Last autumn, I went to Paris and Norway. I only owned one suitcase, a large carryon, and I was determined to “pack light,” which for me ended up meaning “cramming every item I possibly could into the suitcase by any means necessary.” There were ziploc bags to compress things. There was rolling. There was sitting on the suitcase. I didn’t get to bring a few things I wanted, repacking was a nightmare, and I had no room for souvenirs. Even my smaller travel bag was crammed, because I had to put my purse into it while boarding to keep my bag count to only two. Instead of letting myself pack in the way that works for me, I tried to fit myself into a minimalist packing situation and it only added avoidable stress to my life.

After that trip, I resolved to be myself with my packing, even when flying, and my life has been better for it.

This past year my friends and I took a trip to Mexico City and everyone else packed for the entire trip in one carryon-sized bag. I checked two bags.

I packed that same large carryon suitcase and also brought along a duffel bag, which was only about half full. I checked both bags (my status with American gives me 2 checked bags free. Woohoo!). In the smaller bag, I threw a bunch of stuff that I knew other people might need but forget. I had space to bring home any souvenirs. There was no stress about trying to “pick a color scheme” for my outfits or trying to anticipate exactly which 4 outfits I would want to wear, with no leeway for the inevitable feeling that an outfit just isn’t right in the moment.

And you know what guys, it was awesome. Everyone who packed their tiny bags ended up needing something I packed in my non-minimalist luggage. Frankly, I think most minimalists are able to be so through reliance on non-minimalists, particularly when traveling. My friends were grateful I’d remembered everything.

Overpacking is a theme in my life, not just on the CDMX trip - my purse is the purse with all the things for all the situations. I’ll always have almost anything anyone might need. People know this about me. And now that I’ve embraced that I’m high-maintenance and pack too much, life is so much more relaxing. This non-minimalism is a gift I can share with others! Why would I ever be different?

If this is you too, BE CONFIDENT in your non-minimalism. It doesn’t work for everyone and it is not a worthy goal in and of itself.

Frankly, I think most minimalists are able to be so through reliance on non-minimalists, particularly when traveling. My friends were grateful I’d remembered everything.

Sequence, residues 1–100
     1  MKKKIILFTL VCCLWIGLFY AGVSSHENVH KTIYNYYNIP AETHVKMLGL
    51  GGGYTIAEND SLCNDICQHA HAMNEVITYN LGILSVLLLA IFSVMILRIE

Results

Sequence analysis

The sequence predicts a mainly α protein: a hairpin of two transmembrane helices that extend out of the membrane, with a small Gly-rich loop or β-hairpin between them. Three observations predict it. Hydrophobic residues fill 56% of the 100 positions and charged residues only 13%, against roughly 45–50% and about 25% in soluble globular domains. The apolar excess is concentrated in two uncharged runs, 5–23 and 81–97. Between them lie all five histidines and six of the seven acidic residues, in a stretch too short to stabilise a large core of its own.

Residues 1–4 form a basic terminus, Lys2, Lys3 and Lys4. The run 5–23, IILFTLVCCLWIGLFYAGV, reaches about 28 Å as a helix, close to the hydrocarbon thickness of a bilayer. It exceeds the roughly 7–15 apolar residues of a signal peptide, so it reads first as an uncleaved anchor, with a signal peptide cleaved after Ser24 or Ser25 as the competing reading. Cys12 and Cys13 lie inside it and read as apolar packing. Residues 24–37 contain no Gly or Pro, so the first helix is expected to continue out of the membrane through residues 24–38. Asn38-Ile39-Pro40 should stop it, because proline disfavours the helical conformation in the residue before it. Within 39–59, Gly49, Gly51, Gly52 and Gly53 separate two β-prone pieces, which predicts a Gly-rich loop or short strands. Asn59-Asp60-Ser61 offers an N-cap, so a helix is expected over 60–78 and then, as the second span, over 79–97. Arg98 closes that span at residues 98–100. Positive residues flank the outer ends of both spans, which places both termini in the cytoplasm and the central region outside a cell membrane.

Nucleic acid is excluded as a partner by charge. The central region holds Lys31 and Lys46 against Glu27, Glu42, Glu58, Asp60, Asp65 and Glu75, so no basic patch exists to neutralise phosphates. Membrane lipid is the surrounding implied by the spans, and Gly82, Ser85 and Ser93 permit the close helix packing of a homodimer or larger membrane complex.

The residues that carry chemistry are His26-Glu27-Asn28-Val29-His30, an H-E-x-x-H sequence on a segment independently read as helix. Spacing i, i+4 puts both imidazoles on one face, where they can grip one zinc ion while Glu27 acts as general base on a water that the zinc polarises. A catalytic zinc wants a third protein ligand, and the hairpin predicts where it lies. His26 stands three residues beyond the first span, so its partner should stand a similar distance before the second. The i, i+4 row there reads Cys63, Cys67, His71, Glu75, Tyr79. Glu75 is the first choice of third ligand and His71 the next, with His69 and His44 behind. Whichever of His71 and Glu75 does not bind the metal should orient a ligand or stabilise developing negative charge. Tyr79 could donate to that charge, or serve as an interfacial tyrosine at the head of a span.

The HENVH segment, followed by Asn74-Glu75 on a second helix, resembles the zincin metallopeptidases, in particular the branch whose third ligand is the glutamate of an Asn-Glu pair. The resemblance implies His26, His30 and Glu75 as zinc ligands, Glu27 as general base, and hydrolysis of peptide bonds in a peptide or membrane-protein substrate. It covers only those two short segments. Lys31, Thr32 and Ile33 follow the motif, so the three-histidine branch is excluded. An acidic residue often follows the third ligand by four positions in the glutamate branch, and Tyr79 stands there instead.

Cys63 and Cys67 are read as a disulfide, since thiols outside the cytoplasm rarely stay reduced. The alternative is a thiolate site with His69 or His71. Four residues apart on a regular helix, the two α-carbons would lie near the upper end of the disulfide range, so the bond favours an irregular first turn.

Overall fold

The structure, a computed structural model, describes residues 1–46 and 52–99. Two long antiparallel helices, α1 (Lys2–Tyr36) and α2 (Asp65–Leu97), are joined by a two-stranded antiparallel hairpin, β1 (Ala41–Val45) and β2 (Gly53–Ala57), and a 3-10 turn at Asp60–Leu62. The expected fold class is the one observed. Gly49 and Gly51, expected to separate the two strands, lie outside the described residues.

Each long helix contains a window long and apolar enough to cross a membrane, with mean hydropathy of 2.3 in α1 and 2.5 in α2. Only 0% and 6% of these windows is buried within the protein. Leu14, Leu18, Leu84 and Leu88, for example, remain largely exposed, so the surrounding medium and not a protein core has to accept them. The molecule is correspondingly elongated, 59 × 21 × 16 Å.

If you’re ready to ditch the minimalism obsession, a couple of things:

Everyone Needs a Monica Closet

Chandler, snickering: “You’re messy!”

Not being a minimalist does mean you’ll be more prone to clutter, but that’s where A MONICA CLOSET can help! (This isn’t, like, a serious suggestion; it’s just a funny moment on Friends...but...maybe it is a serious suggestion...)

I actually DO have a Monica Closet. My storage closet on my back porch holds all kinds of random crap I rarely use, moving boxes I didn’t want to throw away (using them next month for my move), stuff I have listed for sale, Christmas decorations, etc. I just sold a rug that’s been in that closet. Getting rid of stuff that holds no value is always an excellent idea, but some things that aren’t in constant use or are on the chopping block need a place to hang out in the interim that doesn’t add to clutter in your living space.

So just find an old closet, fill ‘er up, and pray no one ever goes looking for a bathroom and opens the wrong door…

You Do You, Boo Boo

As a dedicated non-minimalist, I wanted to highlight for you some of the advantages of choosing to ignore some common, "necessary" “get your life together” advice, and some of the disadvantages of following that advice. More importantly, I want to remind you all that it is not particularly virtuous to be a minimalist, and there is absolutely no shame in living your life another way. Becoming a minimalist is not a necessary step on the path of self-improvement or even financial freedom. In fact, I believe the tendency to be a minimalist is somewhat of a personality trait, not a philosophy that everyone can or should embrace.

So if you’re struggling because you feel like you can’t reach debt freedom, financial freedom, or simply live a good life without turning your living space into a secular monastery or going all Rick Steves' backpack for your next vacation,

...ask yourself these questions about minimalism:

  1. Why do I feel like I need to implement minimalism? Is it pressure or shame? Is it an ideal that you’re striving to reach because others hype it up, or is it something you really think would benefit you?

  2. Will this work well for me in my life?

  3. What parts of minimalism can I implement while staying true to my inner overpacker (or whatever your equivalent is)?

Whatever you choose to do as you work for your life goals, I want you to have the confidence to embrace something that isn’t The Thing You Should Do™ if it doesn’t serve you.

Now go forth and host parties with all that fine china you have in your garage, you successful non-minimalists, you!

Has anyone else struggled with the feeling that they “should” become a minimalist? What did you end up doing? Who are my successful or natural minimalists in the crowd? I’d love to hear from you guys too!

P.S. This post is ~2500 words. I’m really, really not a minimalist. *kisses*

**Note: Hoarders, you don’t need to feel ashamed either. A lot of stuff contributes to hoarding behaviors. That said, it is not a viable way of keeping a home and I strongly encourage you to work on not hoarding, which may including finding a professional to help you declutter your home and/or discuss the psychological motivations you may have for hoarding. You can do it! Especially when the goal isn’t Being A Minimalist.